In a last ditch effort to save their livelihoods, South Australia’s school bus operators will picket state Parliament on Friday


By David Goeldner | July 19, 2011

At least another three school bus operators lost their contracts late last week as the latest batch of South Australia’s Department of Education and Children’s Services (DECS) ‘request for proposals’ results are released over coming days.

A pattern of ‘weeding out’ small operators from the state’s privately contracted school bus system through the much criticised ‘Request For Proposal’ (RFP) process now appears clear, prompting the Bus and Coach Association of South Australia (BCASA) to take protest action by picketing state Parliament this Friday.

BCASA Executive Director Sonia St Alban says the association’s members voted unanimously late last week to hold a protest rally at Parliament House this Friday.

"Our members have asked us to hold a rally to draw attention to the smaller operator that seems to be overlooked in school bus contracts," St Alban says.

"The reason we are holding it this Friday is it’s the last day of school holidays and the intention is not to inconvenience parents by not having school services available."

St Alban says there is no intention to disrupt the travelling public and that the rally will be held with a police permit.

"We need to make sure we get attention drawn to our issues," she says.

St Alban says the Rann Government has overlooked smaller local operators.

"All we want is to be given a fair go in relation to school buses and also to tour and charter operators – they feel pretty isolated in this whole process as well," she says.

St Alban says contact had been made with ‘various political entities’ in South Australia who have pledged support for the rally.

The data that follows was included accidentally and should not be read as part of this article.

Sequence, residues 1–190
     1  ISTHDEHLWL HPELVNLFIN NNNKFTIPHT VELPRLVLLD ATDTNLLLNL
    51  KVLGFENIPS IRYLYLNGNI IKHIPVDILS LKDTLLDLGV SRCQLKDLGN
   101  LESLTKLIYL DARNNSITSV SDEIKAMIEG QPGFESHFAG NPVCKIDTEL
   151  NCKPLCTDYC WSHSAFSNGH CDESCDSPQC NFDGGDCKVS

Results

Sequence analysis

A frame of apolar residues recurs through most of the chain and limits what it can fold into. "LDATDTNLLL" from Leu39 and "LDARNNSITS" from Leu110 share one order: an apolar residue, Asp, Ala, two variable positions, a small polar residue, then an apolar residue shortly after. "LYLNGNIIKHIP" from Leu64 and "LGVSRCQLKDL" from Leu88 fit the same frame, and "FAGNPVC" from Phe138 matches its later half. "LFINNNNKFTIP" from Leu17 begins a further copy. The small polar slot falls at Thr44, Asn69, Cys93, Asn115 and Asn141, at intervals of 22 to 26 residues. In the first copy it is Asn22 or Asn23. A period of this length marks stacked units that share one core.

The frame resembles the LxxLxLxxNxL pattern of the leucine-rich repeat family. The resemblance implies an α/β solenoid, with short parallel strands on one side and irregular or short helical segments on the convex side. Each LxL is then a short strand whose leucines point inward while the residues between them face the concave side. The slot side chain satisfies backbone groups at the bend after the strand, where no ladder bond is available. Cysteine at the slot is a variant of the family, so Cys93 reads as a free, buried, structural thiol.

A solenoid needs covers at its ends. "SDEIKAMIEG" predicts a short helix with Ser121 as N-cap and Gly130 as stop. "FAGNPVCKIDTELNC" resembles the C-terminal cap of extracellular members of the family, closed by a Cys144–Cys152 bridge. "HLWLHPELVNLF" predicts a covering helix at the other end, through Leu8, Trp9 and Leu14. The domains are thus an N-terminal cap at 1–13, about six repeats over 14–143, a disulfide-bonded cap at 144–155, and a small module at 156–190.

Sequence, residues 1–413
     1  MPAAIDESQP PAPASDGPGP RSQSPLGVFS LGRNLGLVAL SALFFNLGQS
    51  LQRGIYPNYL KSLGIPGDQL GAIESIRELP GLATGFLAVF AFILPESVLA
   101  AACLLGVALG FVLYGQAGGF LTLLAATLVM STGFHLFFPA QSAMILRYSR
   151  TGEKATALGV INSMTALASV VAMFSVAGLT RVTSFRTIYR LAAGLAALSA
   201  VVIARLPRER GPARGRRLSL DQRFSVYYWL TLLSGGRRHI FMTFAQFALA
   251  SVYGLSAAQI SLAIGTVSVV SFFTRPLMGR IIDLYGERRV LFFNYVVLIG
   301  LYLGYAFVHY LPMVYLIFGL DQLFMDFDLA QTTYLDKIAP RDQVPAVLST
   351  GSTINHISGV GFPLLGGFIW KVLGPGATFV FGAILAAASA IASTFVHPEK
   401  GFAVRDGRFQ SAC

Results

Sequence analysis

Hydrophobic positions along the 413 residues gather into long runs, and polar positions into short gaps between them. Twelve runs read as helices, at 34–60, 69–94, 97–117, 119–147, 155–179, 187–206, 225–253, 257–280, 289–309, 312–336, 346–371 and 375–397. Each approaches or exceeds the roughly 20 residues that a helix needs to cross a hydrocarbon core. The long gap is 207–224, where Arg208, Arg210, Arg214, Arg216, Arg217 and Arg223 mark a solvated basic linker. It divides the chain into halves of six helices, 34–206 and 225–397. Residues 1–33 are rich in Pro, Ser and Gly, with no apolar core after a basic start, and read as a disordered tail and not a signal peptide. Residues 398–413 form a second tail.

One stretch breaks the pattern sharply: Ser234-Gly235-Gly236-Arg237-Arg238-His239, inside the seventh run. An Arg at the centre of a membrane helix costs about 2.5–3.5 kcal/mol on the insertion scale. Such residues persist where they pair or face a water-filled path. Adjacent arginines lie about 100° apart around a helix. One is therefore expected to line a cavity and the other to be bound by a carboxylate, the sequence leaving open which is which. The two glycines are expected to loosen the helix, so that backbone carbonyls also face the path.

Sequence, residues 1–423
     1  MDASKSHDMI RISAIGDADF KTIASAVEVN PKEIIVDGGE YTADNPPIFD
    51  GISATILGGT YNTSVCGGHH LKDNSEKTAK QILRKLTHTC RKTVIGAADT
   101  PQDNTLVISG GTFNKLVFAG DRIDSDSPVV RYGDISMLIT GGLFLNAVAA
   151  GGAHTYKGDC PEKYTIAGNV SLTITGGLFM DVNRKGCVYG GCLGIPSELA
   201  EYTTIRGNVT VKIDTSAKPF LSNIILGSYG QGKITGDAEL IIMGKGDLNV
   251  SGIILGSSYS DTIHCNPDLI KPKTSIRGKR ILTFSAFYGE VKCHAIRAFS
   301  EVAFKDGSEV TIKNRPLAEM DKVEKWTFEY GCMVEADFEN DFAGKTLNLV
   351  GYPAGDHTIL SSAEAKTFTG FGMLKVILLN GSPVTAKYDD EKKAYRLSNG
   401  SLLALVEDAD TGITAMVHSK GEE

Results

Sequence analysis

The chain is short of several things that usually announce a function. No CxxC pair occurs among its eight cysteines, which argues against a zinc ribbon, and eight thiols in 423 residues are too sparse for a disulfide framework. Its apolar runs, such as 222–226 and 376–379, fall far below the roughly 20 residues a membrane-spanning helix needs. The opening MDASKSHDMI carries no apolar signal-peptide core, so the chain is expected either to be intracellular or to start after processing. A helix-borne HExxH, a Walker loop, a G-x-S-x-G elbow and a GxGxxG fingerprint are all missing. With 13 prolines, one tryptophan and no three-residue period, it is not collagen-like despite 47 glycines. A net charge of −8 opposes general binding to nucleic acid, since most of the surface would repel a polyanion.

The protest rally will take place between 12pm and 2pm this Friday, July 22.

Leading up to the rally, buses will travel around the streets of Adelaide with billboards.

"What better way to have billboards than the buses, and we will have signs attached to draw attention to our issues," St Alban says.

The BCASA and its members aim to draw attention to a tendering process administered by DECS which appears to be biased against smaller incumbent operators.

"We want to draw attention to the process and hope that DECS will look at a more open approach and give concessions to local operators that have been providing services for many years," St Alban says.

"We always knew there would be winners and losers out of this process, but as long as it’s fair we don’t really have an issue."

But St Alban’s view is that there have been too many losers in the smaller-sized school bus service category.

"At the moment there are so many losers and few winners and we want to try and balance that and make sure the small local operators also have a fair go at these contracts," she says.


DECS Procurement and Contracting Assistant Director John Scalzi rejected BCASA’s suggestion that the process is unfair, defending the decisions which will likely see several operators leave the industry.

Scalzi is also aware of this Friday’s protest, saying he can’t understand why BCASA and school bus operators have taken this action.

"I don’t understand the basis for this rally," he says.

"We’ve provided every assurance that the process is fair and reasonable to everyone and we have taken the added step of engaging a probity adviser to make sure that all the processes that have been approved are followed."